Thursday, November 21, 2019

Crowdsourcing and Photographed Person Identification: Here's When It's Problematic

You see this post all the time in facebook genealogy groups: "Help me identify X person in this photograph."

Sometimes it's a simple question asking if anybody happens to recognize, or have any clues about, a pictured individual. I like this type of social media post. It's a simple, dutiful step in the course of exhausting all possibilities, no matter how remote their chances of success. You never know who might be looking on, or if they might have the information the poster's seeking.

Another type of this post is stickier: the one asking if X person in Photo A looks like X person in Photo B. Although I understand the burning wish to identify people in mystery photos, this tactic strikes me as a poor one that can lead to perpetuating misinformation. Here are some reasons why.

1. In the absence of photo labels or other good evidence, asking strangers to compare physical similarities is inviting error. There is usually no way that this can be done with certitude, and trusting random people's well-meant guesses is ill-advised. Besides, how will you cite evidence for who is in these photos? "People on facebook seemed to think it was X?" How does that sound to you?

2. Many strangers in these facebook groups want you to succeed in identifying photographed people, and they'll often (and flippantly) tell you what you want to hear if the individuals being compared look even passingly alike. "Ahhhhh yes! I believe I DO see a resemblance." This sort of response literally kills good research with kindness. There'll be those who are more cautious, but who do impressionable/hopeful people usually choose to believe?

3. It's better to be uncertain than it is to be falsely certain about who is pictured in photographs. If you're doing genealogy in part to pass on precious information and research to your descendants, you do them a disservice by not guarding against this pitfall.

The best means of identifying people in photographs are rooted in historical evidence. Here are my guidelines:

1. How did you come across the photos? Who passed them on to you? Is this person pictured in them? These questions matter because of how direct a historical witness this person is and/or how direct of one you are. If the person bequeathing the photos to you took or is pictured in one/some, he/she is a close historical witness and must be cited in captions that should accompany these photos wherever they are posted.

2. If the person giving you the photos is somewhat removed from when they were taken and who is pictured in them, you must take care to trace the steps of how these photos came down to you, and who had them before the person supplying them. For instance, say that your grandmother is giving you a photo of HER grandmother (your great great grandmother) that was taken when the latter was young. Beyond the simple testimony of your grandmother pertaining to who is pictured, you should do all you can to ask her how she came to possess the photo, and what she knows about its history. This information should also be noted in captions, if possible.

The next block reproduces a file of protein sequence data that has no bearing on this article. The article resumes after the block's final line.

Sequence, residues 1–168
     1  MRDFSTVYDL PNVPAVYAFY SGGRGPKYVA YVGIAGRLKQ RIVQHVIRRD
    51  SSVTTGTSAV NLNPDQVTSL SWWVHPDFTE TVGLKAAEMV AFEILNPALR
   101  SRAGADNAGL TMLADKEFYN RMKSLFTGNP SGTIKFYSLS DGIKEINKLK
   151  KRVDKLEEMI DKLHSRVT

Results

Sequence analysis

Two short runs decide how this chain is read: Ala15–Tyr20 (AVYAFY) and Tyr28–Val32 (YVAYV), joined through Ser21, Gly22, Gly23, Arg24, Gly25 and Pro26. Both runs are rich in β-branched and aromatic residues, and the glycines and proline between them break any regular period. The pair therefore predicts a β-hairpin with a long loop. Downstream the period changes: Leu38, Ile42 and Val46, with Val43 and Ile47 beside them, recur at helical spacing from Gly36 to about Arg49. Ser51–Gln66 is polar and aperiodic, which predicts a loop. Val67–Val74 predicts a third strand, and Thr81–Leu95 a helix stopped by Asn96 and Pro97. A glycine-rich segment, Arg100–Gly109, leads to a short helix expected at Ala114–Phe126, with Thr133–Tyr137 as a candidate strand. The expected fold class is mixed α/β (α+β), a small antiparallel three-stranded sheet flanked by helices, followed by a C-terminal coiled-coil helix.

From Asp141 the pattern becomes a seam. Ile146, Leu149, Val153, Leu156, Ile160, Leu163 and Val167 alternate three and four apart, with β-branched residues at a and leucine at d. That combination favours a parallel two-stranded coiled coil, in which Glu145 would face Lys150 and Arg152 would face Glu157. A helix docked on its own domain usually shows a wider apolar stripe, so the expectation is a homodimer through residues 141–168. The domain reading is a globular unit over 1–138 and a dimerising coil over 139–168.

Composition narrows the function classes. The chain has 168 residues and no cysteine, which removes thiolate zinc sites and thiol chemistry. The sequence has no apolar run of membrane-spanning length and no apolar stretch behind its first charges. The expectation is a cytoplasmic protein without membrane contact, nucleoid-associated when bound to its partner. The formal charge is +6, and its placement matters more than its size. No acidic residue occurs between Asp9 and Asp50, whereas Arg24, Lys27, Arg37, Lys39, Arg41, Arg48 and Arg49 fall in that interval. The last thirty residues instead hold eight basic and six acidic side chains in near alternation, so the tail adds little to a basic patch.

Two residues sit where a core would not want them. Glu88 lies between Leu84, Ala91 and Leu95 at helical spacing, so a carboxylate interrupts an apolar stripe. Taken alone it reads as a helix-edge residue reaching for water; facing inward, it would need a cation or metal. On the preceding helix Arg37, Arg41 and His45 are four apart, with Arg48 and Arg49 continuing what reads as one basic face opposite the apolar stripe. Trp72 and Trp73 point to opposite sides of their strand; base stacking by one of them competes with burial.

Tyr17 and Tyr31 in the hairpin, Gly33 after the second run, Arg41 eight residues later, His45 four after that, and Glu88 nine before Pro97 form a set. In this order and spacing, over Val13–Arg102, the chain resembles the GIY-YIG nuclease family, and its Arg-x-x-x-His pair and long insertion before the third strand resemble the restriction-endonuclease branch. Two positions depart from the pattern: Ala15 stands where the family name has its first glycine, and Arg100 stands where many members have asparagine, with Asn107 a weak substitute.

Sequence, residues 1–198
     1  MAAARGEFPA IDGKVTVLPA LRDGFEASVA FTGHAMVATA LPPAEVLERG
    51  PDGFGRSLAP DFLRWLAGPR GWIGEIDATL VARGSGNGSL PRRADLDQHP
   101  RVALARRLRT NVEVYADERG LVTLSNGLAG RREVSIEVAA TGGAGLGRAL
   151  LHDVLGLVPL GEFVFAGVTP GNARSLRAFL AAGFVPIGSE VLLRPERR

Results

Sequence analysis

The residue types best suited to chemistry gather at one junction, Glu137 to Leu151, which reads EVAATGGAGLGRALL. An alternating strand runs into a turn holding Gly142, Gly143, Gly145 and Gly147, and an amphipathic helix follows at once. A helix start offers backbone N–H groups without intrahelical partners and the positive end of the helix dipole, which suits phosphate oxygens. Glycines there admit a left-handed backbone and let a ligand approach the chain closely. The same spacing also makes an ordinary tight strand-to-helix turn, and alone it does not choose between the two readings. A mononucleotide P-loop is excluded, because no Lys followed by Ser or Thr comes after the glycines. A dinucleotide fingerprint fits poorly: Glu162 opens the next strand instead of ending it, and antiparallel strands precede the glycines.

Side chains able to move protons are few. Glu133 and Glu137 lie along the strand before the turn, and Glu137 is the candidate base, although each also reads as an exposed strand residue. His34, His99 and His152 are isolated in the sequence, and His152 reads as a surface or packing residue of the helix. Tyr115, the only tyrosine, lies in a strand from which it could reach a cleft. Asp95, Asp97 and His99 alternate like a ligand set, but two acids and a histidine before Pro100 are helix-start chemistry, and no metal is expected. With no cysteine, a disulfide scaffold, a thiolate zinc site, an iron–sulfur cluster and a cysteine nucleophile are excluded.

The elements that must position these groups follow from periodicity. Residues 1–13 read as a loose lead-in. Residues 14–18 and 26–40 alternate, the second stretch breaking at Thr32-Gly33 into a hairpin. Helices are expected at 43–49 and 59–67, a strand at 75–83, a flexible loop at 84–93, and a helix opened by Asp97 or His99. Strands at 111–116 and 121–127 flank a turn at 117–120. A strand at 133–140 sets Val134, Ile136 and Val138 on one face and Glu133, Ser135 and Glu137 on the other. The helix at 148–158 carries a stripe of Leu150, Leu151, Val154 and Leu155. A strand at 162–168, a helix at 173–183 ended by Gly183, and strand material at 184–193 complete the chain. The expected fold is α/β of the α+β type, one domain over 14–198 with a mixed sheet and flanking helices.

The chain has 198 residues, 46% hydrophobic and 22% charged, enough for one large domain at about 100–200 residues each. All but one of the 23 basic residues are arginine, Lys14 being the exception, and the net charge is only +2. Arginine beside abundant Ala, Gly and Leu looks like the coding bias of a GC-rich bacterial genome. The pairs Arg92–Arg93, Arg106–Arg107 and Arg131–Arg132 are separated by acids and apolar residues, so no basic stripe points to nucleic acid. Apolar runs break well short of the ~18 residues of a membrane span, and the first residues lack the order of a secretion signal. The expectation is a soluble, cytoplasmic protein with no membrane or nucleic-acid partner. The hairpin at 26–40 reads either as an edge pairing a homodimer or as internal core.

3. Labeling photos is extremely important, particularly if you're a close witness to who is pictured in them and when they were taken. It is also necessary if your information is secondhand. Old photos are often small and delicate, but you should try to provide as much information on the backs of them as you can.

4. Educated guesses based upon sound knowledge and sources are fine, but these should also be clearly indicated as such. "Possibly Aunt Marge" is better than "Aunt Marge" when you don't know for sure. There is value in this kind of hypothesizing, particularly since subsequent information may be available to you or your descendants. Your educated guessing maybe provide others with important clues or corroboration. But there is a big difference between the inheritors of your photos trusting your surety and trusting your guessing. There's an equally big difference between them knowing they are trusting either or not knowing what they're trusting (or what to trust).

Remember, primary persons are the strongest historical witnesses, followed closely by immediate secondary witnesses. Seeking to find such people on facebook is all well and good. But when you're posting photos, asking random people to compare who is in them, and trusting their "matching" guesses, you've left the path of sound inquiry. Good genealogists don't let wishful thinking guide their research. 

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